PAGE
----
“It was the best of times, it was the worst of times, it was the age of wisdom, it was the age of foolishness, it was the epoch of belief, it was the epoch of incredulity, it was the season of light, it was the season of darkness, it was the spring of hope, it was the winter of despair, we had everything before us, we had nothing before us…” In short, Dickens could have been writing about the current market.
We seem to be caught in a Hegelian bind where every positive is counterbalanced with a negative. Take the
first. Economic data has been broadly positive recently including the critical
employment numbers. However, the fiscal cliff is looming which has the
potential to deliver a nasty negative shock. Bernanke’s QE is providing a
psychological uplift but with the monetary transmission mechanism broken it has
little real impact (apart from distributional consequences). Stocks are
holding on but earnings estimates are being revised down. So is there going to
be a recovery or a double-dip? US
the optimism of ESM’s safe passage through the Constitutional Court and Draghi’s bluster
still remains. Everyone’s making the right noises, visiting the right countries
and awarding the right prizes. But behind the scenes the schisms are not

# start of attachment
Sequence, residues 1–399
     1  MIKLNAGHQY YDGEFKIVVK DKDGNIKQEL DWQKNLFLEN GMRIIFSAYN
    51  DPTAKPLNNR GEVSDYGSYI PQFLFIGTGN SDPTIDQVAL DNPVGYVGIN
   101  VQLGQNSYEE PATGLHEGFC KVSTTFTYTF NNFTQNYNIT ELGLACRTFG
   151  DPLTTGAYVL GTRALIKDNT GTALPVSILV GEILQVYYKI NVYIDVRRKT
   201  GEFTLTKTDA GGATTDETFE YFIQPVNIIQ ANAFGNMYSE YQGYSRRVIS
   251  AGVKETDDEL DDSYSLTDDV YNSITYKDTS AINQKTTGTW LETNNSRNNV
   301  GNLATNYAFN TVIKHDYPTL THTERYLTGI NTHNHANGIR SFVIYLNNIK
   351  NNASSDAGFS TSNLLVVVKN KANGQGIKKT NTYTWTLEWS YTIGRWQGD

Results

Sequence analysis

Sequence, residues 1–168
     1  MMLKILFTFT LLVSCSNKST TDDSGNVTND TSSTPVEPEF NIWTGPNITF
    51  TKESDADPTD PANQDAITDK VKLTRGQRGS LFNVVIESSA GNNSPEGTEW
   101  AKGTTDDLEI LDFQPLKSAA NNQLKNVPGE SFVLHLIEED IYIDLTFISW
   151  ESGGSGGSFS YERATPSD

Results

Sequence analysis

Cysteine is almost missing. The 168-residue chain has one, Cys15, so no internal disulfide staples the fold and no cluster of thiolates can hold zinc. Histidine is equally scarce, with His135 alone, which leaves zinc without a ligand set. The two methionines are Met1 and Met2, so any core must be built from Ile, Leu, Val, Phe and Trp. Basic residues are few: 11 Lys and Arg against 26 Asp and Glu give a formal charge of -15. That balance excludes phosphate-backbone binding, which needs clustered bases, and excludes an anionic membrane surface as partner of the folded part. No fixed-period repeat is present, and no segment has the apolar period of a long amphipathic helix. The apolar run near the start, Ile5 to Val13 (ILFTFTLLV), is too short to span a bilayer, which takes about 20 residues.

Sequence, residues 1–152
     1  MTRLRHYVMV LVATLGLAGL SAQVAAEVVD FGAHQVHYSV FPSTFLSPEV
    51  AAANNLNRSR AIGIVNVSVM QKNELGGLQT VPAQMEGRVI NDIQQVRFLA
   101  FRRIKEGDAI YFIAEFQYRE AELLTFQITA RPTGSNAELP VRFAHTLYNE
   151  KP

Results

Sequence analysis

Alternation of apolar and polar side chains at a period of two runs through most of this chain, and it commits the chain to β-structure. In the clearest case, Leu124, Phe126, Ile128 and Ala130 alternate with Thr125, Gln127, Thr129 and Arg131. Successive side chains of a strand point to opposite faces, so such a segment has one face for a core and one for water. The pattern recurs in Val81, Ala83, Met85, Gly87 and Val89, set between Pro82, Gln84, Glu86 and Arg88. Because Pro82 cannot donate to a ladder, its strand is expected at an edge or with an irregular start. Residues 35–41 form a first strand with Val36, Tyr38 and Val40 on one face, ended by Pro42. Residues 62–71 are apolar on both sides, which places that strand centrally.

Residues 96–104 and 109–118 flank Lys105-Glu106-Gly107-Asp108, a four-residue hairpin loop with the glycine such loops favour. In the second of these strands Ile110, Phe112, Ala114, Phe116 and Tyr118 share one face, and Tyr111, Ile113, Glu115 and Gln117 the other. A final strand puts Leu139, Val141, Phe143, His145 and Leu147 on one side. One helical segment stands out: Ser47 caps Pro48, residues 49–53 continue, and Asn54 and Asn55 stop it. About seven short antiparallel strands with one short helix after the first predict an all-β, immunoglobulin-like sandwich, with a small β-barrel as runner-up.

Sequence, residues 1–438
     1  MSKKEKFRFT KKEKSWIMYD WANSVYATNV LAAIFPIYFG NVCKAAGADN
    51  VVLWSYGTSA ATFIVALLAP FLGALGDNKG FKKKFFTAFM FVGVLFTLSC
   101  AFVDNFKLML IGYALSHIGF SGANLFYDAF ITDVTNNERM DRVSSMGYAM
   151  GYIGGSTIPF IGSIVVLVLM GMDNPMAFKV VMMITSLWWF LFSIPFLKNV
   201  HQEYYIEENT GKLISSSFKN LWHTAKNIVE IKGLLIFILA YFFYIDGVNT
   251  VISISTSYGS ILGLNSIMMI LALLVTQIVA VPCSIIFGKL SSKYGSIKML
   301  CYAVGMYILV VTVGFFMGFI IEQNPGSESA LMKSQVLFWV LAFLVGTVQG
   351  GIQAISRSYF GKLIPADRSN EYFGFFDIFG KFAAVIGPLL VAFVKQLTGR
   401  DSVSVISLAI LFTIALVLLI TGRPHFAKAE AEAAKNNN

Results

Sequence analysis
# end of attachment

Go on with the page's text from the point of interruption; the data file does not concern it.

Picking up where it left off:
healing. Eurozone is undertaking austerity and has adopted the fiscal pact but
now the doctor (IMF) says that austerity is counterproductive. The ESM is in
place. But no agreement has been reached on it recapitalising banks. To the shock of recipients northern
Europeans want sovereign guarantees on bank recaps and no retroactive bank recaps. There is going to be a banking supervisor. But no
agreement has been reached on banking supervision. Draghi’s OMT is the ultimate
weapon. But it is so controversial that neither the bailer-in-chief ( Germany) nor the bailoutee ( ) want it
activated. So rumours about imminent requests for rescue have to keep hopes and
markets up. Meanwhile, Spain
is unable to meet bailout conditionality potentially leading to the next aid
payment being withheld. But a fudge will allow disbursement of the next
tranche. However, the ECB will not take losses on its bond holding (but it will
have pari passu status in future). There is a funding gap but there will be no
OSI or additional bailout funds. There is nothing to worry about though as the
German finance minister has assured that Greece will remain in the Eurozone.
On the other hand the Swedish finance minister thinks that it may leave in the next six months. Greece
It is enough to make a grown investor cry.
The rest of the world is in the same state. One day Chinese data beats expectations signalling a soft landing; another day it disappoints. But disappointment raises hopes of a massive stimulus. However, pundits opine that another massive stimulus isn’t going to happen and the government’s actions thus far have not contradicted this opinion. At least the emerging world has scope to cut rates to boost growth. But the developed world’s monetary easing has tied their hands with inflation.